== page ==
To win on product, you have to differentiate which can be extraordinarily hard. A product is not simply the code or physical object that the customer pays for but it is the entire experience of purchasing it and using it. 

For something as commoditized as providing cash like at the multinational bank, you have to sell the buyer on your reputation, ease of doing business, and network of additional benefits like other relationships. In essence, you are selling a better experience which commands a premium.

For advertising technology, many people see the different ad stacks as interchangeable. As a result, many people throughout the supply chain have been commoditized and primarily compete based on price. $5 CPM not low enough to win the business? Most people lower the price to win the RFP. Very few companies have resisted the temptation to race to the bottom in their attempt to scoop the deal. Everyone has lost out as the technology deteriorate and the only thing being optimized for is the pricing.

I’m always incredibly proud of my team when we win a deal and aren’t the lowest priced product. There have been a great many times when we’ve been $100,000 or more expensive than our competition — yet, we still win the deal because we offer the best ad tech experience for our media partners. We can offer best practices from our 100+ partners, best ad designs that work for 20,000+ advertisers, and best training from our experience with 3,000+ ad sales reps/ops. We’re offering the best in class service and technology so we charge for it, which customers can and do appreciate.

So if you want to know how good your whole product really is, see if you can be the more expensive option and still win.

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The Wall Street Journal this weekend covered the trend of Silicon Valley start-ups focusing on consumer electronics rather than consumer Internet businesses. One great example cited is a “$359 kitchen appliance dubbed Nomiku, which people can use to sous-vide food—that is, cook meats and vegetables in airtight plastic bags in a water bath.”

This item isn’t sold anywhere yet because it’s still being made. It is in development and validated as a potentially great product idea thanks to crowd sourced funding. Nonetheless, it’s the perfect example of what huge retailers should be selling — products without UPC codes which Amazon can always underprice and outsell.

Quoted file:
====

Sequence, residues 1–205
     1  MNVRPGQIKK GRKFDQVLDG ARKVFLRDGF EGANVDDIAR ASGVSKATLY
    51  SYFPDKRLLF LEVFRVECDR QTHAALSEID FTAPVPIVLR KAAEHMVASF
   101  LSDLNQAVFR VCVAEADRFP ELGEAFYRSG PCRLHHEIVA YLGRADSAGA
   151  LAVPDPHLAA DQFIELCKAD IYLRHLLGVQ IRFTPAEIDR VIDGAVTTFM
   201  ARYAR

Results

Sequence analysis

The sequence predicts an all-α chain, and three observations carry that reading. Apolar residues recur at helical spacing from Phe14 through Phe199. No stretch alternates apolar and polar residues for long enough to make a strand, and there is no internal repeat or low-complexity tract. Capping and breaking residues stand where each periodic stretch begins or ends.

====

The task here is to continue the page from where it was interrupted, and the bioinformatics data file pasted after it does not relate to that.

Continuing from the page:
Traditional retailers need these products to sell but don’t know how to innovate on their own or figure out what will be a hit product. They should be funding their development or outright buying ones that are getting early traction — effectively strategically investing or acquihiring. By doing so, they will begin to tap into amazing cutting edge products, gain merchandising talent for years to come, and differentiate from Amazon. 

Retailers have the enormous benefit of distribution for these products and can market them in a way few startups can hope by putting it physically in front of millions of consumers who don’t even know to search for these unique items.

When turnaround plans are discussed for traditional retailers like Best Buy, it’s just shocking to me that no one is talking about actually doing something other than cutting some cost or relabeling UPC products so shopper can’t price compare with Amazon. Best Buy needs to be selling amazing products that no one else has if it ever wants to take back marketshare and actually increase profits.

If retailers are daring enough to adopt this radical idea, we could start seeing a whole new frenzy around physical product startups as a result and maybe even a revival in traditional retailers’ fortunes.